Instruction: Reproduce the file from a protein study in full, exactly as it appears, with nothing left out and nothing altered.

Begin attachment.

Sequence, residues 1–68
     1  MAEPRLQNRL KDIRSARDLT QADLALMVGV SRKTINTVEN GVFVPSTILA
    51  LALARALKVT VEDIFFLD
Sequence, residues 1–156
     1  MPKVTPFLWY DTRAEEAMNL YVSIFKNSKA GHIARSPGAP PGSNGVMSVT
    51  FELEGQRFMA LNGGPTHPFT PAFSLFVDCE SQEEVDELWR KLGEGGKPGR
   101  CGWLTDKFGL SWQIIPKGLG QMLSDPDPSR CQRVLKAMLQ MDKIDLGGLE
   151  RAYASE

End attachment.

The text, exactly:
Sequence, residues 1–68
     1  MAEPRLQNRL KDIRSARDLT QADLALMVGV SRKTINTVEN GVFVPSTILA
    51  LALARALKVT VEDIFFLD
Sequence, residues 1–156
     1  MPKVTPFLWY DTRAEEAMNL YVSIFKNSKA GHIARSPGAP PGSNGVMSVT
    51  FELEGQRFMA LNGGPTHPFT PAFSLFVDCE SQEEVDELWR KLGEGGKPGR
   101  CGWLTDKFGL SWQIIPKGLG QMLSDPDPSR CQRVLKAMLQ MDKIDLGGLE
   151  RAYASE